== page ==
"This was a stupid idea for a long run." -- Me at mile 24.
My life is increasingly hectic lately, and it wasn't going to be any less over the next several weeks. I had been quietly working on the acquisition of Rough Creek Trail Run from Endurance Buzz Adventures and was basically going to launch the news over the weekend I was gone to Coldwater Rumble. My dog had to be put down (liver cancer), my husband and I had arranged our first vacation without kids in more than 5 years for mid-January, and then once we were back, my kids needed my time and attention. I had already committed to something each weekend day for the following 3 weeks. And my goal race of Antelope Canyon 55K on February 20th was looking at seeing me there with very very few training miles or long run chances. It was set to be a sufferfest of my own making.
So I got a great deal on airfare into Phoenix, Arizona, maybe because the Cardinals had won their football game and so it changed who was playing where/when and they weren't playing at home? I know nothing about football, but this was what I had heard. I flew out the day before Coldwater Rumble, having read a little on the website and not reading every single race report out there as I usually do. I looked at the elevation profile, which had no total elevation gain listed, but unlike Bandera 2 weeks before where I did 37 miles, there were no 300 foot climbs or descents here. My impression from the website was that it was mostly groomed sandy non-technical trail with maybe some rocks. Boy, would that illusion come back to haunt me later. Also, the end result of the elevation change (which ended up being 3100 ft. gain/loss) is just slightly under Bandera 50K, so that was a rolly-hill surprise!
I picked up my race shirt and bib. There are a million distances at Coldwater Rumble (100 mile, 52 mile, 52K, 20 mile, 20K, and 4 mile) on a multi-loop course so all bibs are color coded.
I snapped a quick picture of the start/finish line I would cross the next day.
I met up with friends Robert and Jess for sushi that night. And then was in bed asleep by 9:30 PM, since I planned to be up at 5:30 AM and wanted a full night's sleep.
Race Morning - Seeing Off Longer Distances
I arrived about 6:20 am to get great parking near the start. My race wouldn't start until 8 am, but I thought I'd get to see Jess start the 100 miler and see Robert start the 52 miler.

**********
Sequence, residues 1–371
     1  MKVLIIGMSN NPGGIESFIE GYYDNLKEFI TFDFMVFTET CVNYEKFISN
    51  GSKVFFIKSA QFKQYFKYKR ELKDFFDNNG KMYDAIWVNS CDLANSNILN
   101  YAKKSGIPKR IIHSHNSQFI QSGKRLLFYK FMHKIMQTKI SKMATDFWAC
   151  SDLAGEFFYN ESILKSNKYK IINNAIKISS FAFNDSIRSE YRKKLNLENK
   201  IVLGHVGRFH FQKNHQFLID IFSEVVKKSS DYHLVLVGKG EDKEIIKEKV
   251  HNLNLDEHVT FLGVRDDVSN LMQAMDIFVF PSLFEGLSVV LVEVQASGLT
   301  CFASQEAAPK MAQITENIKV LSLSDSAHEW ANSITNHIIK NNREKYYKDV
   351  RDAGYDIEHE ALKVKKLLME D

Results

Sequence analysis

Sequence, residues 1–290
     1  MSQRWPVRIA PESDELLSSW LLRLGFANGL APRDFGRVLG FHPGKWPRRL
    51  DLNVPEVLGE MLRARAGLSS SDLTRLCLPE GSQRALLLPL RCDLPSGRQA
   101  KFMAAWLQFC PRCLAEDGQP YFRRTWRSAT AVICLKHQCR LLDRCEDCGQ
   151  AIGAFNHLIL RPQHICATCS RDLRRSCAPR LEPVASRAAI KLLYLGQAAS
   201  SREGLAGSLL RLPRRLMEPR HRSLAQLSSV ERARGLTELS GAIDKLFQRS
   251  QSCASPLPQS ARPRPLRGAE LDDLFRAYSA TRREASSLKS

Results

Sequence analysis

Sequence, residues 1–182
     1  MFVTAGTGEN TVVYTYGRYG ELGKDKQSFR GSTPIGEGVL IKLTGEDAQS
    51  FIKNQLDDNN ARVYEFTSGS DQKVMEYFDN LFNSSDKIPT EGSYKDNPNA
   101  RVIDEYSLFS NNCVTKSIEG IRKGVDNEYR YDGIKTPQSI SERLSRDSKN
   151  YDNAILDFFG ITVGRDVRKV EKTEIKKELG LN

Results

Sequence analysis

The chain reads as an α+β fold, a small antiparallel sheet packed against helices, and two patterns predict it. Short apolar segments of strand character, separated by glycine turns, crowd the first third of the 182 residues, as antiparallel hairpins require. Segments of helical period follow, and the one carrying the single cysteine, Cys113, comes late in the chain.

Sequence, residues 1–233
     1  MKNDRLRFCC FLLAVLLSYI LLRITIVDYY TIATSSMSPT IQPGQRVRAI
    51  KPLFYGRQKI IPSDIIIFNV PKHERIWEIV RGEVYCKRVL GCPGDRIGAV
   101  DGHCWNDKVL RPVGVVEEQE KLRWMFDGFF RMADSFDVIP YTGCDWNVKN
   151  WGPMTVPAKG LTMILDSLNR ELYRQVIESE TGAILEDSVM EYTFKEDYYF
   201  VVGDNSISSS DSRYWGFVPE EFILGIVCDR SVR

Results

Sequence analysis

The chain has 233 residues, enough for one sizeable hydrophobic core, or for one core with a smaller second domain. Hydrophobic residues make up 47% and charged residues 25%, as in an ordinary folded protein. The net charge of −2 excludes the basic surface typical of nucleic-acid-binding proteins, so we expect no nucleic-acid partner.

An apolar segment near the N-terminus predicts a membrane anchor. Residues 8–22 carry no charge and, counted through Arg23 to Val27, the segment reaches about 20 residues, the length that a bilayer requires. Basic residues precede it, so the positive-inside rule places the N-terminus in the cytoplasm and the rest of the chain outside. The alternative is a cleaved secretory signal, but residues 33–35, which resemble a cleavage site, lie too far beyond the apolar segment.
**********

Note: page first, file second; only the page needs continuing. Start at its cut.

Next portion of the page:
After seeing Jess off at the 7 am start of the 100 miler, I was able to get this great picture of dawn.
Then I was able to cheer the 50 milers off.
The little dots going up the ridge are the runners.
The first 20 miles
|Me at the start line of the 52K|
The course for the 52K is one clockwise 20 mile loop, and then reverse for a 12 mile smaller loop that is a smaller portion of the original 20 mile loop. I fell in very early in the climbing of the first couple miles with a guy named Jeff who was doing his first ultra.
It was good company, and we chatted about all sorts of running things. The 20 mile and then 20K folks caught up to us, then we hit the split off from the 20K (who do just the smaller 12 mile loop).
|Runners dotted along the climb|
The course was constantly rolling. And then at mile 9 we hit the sand. Oh goodness, so much sand. I felt like I wasn't even moving, I could feel my upper legs getting more tired. Jeff left me here, with more sandrunning experience as a local than I have. I had heard there was a few miles of deep sand and hoped this is what was meant by it and that there wasn't worse sand further in!
I came into the mile 11 aid station and refilled my hydration pack for the first time and grabbed a cup of coke. I asked if there was more of that sand and was told that had been the worst of it and it was mostly over. Phew.